On the irratonal battle of realism (like cladistics and particle physics) with nominalism

It is a fact that one object can have many properties and that one property can be shared between many objects.

This fact means that not all objects and all properties can be real (independently of what we mean with “real”), because it would mean that there is a one-to-one correspondence between objects and properties, which obviously contradicts this fact. This fact thus excludes the possibility that all objects and all properties are real.

Instead, this fact means that we have to divide “objects” and “properties” into “real” and “unreal”, independently of what we mean with and which we put in which. Objects and properties simply have to be different in this respect to avoid contradiction.

This fundamental fact is, however, consistently challenged by people called “realists” (like so-called “cladists” and “particle physicists”), which on the contrary claim that both indeed can be real. (Whereof “particle physicists” even claim to have shown empirically that they are, by claiming to have found the so-called “Higgs particle”.) These challenges are thus totally irrational. This matter is not a question of what there is (ie, what is real), but of that not both can be (ie, can’t be real). If objects (eg, particles) “are” (real), then properties simply “aren’t” (real), independently of what we mean with “is” (real). We simply can’t squeeze both into “real” without contradiction.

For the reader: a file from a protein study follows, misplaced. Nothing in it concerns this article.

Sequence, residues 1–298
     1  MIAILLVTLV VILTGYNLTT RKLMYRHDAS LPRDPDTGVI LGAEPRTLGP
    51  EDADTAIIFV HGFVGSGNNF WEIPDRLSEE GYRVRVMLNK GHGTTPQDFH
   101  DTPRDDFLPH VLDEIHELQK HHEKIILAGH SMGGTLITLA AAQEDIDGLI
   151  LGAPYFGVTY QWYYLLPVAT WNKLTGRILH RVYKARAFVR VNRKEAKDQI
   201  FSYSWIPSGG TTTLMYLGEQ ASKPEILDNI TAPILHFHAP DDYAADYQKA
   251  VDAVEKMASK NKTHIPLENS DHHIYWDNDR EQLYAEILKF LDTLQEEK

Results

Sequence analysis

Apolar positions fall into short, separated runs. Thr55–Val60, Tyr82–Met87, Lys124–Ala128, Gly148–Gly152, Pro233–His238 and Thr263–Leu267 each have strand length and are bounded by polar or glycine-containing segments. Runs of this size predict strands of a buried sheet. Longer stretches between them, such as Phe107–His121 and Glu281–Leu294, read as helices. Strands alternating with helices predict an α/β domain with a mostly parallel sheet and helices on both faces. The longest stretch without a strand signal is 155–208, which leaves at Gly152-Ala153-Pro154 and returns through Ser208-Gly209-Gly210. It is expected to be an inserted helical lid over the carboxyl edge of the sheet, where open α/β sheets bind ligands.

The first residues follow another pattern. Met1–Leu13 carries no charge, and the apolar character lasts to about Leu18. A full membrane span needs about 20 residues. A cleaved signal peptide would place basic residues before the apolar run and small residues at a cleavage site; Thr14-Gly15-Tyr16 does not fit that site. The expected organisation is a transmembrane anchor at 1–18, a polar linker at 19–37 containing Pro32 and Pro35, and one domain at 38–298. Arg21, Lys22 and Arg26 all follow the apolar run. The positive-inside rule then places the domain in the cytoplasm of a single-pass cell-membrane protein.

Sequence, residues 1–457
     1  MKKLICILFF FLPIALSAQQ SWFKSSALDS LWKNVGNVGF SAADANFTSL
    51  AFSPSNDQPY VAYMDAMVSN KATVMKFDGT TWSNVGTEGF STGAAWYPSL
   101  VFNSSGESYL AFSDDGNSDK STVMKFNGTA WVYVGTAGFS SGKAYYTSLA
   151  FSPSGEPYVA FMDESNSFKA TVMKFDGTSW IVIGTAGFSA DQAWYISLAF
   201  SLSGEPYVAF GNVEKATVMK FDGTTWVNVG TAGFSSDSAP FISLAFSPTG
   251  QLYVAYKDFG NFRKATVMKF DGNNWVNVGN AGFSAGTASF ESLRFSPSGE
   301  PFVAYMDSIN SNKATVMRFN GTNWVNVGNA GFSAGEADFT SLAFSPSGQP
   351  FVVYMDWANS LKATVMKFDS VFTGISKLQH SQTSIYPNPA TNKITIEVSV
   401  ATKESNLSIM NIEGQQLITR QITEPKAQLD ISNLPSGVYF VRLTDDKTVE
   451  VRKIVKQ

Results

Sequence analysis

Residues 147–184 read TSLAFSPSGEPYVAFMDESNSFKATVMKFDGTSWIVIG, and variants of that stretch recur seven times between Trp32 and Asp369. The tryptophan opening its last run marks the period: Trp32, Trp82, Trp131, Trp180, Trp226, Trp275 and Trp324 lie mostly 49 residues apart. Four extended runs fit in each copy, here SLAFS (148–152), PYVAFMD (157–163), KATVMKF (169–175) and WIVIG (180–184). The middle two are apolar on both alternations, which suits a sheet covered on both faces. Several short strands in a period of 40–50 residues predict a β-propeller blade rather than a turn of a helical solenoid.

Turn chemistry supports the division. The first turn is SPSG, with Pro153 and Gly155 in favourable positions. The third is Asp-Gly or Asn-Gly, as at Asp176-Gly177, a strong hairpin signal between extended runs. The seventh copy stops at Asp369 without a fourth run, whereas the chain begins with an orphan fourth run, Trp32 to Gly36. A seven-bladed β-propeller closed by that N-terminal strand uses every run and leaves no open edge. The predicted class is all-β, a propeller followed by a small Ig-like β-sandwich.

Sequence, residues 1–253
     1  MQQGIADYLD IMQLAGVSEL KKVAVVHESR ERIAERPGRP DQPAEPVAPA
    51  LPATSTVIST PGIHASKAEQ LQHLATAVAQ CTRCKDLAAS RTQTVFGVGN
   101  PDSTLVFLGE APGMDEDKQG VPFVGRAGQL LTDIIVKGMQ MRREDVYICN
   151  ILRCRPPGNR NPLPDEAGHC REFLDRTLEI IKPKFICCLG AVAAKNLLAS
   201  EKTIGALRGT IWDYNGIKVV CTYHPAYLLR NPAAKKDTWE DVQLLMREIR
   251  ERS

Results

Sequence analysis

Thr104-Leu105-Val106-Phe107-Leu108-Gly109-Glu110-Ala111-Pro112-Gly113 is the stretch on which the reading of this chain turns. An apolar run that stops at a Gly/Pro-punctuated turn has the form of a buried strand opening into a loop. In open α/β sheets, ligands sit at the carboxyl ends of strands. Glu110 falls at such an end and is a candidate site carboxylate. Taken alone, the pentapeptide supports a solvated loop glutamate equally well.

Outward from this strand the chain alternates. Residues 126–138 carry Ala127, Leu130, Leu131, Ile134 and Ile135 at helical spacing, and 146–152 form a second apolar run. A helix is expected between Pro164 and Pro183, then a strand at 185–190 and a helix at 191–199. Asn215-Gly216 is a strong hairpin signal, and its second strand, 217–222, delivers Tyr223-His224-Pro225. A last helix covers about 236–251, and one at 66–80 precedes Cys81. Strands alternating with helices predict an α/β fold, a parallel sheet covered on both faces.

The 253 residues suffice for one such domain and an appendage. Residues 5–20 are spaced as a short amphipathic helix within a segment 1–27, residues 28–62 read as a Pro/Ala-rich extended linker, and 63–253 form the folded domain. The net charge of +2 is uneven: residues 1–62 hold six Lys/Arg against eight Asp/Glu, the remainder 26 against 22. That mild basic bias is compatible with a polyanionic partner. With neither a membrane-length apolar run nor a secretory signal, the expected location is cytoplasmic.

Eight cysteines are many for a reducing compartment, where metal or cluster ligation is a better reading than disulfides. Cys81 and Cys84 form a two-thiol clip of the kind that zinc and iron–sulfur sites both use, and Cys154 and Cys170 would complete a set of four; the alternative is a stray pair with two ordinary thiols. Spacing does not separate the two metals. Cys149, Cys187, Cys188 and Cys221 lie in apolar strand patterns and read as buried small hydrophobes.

Acknowledging this fact is called “nominalism”.

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